Television writer and producer David Simon
David Simon never intended to work in television. The Washington D.C. native started his career as a journalist, working at The Baltimore Sun, as a police reporter. After over a decade covering the crime beat, he wrote his first book, which was eventually adapted into the much lauded TV drama, Homicide: Life on the Street, which David also wrote on.
Fast-forward almost 30 years and David has amassed an enviable trove of prestige television credits. Known for writing and producing gritty, true-to-life television dramas like Treme and The Deuce, and for creating unforgettable characters such as The Wire‘s Omar Little, there is little doubt that David is responsible for some of the best television of the last three decades. While much of his work has become synonymous with Baltimore’s crime, drugs, and corruption, a lot of what makes his work so widely appealing is the overall theme of human survival within brutal systems trying to strip people of their humanity.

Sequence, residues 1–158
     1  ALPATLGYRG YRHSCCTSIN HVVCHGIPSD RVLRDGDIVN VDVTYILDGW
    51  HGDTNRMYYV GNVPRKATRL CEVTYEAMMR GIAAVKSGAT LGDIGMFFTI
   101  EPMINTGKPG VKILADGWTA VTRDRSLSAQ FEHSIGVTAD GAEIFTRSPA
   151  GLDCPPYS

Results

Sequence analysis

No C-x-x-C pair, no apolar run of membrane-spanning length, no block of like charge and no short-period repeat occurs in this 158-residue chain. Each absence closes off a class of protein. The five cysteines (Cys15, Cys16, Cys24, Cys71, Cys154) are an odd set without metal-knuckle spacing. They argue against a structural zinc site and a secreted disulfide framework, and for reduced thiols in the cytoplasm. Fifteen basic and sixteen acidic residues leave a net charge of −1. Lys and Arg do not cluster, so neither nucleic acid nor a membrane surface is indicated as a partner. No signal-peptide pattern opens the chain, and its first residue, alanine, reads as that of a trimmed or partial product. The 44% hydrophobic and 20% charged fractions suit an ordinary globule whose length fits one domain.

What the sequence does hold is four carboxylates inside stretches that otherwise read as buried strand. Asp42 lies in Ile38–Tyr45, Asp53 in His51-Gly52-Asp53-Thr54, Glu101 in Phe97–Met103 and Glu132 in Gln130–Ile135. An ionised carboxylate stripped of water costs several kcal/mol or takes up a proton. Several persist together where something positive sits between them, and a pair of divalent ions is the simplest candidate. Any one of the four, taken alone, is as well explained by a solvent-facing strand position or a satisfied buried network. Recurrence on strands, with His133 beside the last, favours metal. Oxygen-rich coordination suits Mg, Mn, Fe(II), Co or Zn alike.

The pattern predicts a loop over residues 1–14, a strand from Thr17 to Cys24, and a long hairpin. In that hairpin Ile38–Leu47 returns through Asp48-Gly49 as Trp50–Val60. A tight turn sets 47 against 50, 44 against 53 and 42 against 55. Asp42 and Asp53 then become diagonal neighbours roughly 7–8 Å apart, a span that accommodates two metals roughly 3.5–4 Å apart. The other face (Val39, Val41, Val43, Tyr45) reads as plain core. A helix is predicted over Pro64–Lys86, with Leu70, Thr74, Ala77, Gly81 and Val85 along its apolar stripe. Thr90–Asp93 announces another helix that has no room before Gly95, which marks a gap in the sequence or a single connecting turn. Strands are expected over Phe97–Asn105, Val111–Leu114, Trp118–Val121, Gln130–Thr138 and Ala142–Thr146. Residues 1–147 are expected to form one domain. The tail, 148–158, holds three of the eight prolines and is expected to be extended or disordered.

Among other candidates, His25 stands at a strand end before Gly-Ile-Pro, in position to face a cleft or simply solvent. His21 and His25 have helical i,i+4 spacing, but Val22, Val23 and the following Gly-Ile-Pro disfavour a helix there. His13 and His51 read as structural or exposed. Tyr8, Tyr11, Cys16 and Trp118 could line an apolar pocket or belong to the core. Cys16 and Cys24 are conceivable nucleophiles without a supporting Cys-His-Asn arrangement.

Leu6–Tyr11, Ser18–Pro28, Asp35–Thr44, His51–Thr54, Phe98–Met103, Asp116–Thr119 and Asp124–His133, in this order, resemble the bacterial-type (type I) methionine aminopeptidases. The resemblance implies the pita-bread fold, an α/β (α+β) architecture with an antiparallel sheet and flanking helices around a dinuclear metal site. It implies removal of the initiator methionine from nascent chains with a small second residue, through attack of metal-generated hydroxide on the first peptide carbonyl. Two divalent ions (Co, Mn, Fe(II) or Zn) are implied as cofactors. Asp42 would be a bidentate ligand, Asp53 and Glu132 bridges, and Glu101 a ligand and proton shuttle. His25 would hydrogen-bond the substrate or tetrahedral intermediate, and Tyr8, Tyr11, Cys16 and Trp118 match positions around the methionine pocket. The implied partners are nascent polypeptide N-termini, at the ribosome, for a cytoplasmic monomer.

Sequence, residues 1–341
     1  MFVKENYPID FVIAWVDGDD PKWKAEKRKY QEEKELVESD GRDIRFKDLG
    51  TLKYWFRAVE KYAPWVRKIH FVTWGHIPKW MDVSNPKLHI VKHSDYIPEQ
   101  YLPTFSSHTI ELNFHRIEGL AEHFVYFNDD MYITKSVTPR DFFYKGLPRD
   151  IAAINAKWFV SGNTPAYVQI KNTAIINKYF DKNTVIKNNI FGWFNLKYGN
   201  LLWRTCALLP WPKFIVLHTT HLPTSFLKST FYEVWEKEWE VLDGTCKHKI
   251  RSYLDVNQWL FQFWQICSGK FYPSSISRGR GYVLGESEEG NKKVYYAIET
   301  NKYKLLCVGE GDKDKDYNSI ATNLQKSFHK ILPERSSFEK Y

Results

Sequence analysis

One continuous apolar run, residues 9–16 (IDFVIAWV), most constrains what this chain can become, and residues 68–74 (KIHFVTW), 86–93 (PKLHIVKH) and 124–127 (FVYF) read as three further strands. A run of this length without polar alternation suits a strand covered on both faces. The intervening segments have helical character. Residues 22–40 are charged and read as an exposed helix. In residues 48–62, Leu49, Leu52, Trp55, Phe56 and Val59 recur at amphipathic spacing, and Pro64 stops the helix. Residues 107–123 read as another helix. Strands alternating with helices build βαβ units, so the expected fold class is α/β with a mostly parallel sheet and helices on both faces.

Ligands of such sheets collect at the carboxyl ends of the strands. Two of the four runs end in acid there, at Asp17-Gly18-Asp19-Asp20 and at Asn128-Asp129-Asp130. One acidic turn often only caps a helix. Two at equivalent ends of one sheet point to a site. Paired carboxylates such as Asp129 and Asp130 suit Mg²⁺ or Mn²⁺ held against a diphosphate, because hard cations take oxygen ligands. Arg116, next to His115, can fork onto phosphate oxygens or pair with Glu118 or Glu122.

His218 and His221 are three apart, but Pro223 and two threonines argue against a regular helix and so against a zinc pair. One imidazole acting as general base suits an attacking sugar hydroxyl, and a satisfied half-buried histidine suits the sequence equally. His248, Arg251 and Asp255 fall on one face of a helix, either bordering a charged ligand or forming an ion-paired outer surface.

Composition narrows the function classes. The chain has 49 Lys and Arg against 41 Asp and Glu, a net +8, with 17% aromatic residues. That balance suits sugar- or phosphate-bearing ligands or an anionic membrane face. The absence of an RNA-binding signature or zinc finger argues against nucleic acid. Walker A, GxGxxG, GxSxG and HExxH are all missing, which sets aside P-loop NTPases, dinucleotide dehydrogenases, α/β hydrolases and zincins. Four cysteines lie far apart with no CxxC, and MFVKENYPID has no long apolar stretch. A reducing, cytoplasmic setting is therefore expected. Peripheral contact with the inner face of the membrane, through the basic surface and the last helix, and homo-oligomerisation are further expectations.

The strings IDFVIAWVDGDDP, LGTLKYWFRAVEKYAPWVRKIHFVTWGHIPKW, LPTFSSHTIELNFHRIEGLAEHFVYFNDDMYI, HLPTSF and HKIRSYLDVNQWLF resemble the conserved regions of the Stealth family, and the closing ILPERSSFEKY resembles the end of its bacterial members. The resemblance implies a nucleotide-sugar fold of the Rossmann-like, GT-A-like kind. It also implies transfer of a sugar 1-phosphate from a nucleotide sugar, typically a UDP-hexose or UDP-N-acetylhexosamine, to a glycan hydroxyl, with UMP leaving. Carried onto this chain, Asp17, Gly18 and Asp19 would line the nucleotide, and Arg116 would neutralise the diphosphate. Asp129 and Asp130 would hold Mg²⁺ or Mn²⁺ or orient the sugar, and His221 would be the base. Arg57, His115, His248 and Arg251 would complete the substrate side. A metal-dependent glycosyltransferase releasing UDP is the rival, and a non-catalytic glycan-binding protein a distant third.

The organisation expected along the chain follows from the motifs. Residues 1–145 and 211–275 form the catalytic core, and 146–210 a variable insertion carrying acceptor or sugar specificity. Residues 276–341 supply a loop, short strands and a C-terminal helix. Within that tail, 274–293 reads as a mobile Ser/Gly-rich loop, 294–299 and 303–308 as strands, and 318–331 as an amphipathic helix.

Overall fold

His latest project is The Plot Against America, a limited series on HBO about an alternate America where Franklin D. Roosevelt loses the presidency to an isolationist, anti-Semitic, fascist sympathizer — American hero, Charles Lindbergh. The series is a dark look at the covert shifts in political rhetoric and its resulting devastating impact on everyday people. It stars Winona Ryder, John Turturro and David Krumholtz.
David joins Bullseye to talk about how he sees Judaism as his form of “ancestor worship,” how plays were the key to refining his dramatic writing, and how he hopes for his work to shine a light on the dysfunctional systems that rule people’s lives. All that and more on the next Bullseye!
The Plot Against America is currently available to watch or stream on all HBO platforms.
About the show
Bullseye is a celebration of the best of arts and culture in public radio form. Host Jesse Thorn sifts the wheat from the chaff to bring you in-depth interviews with the most revered and revolutionary minds in our culture.
Bullseye has been featured in Time, The New York Times, GQ and McSweeney’s, which called it “the kind of show people listen to in a more perfect world.” Since April 2013, the show has been distributed by NPR.
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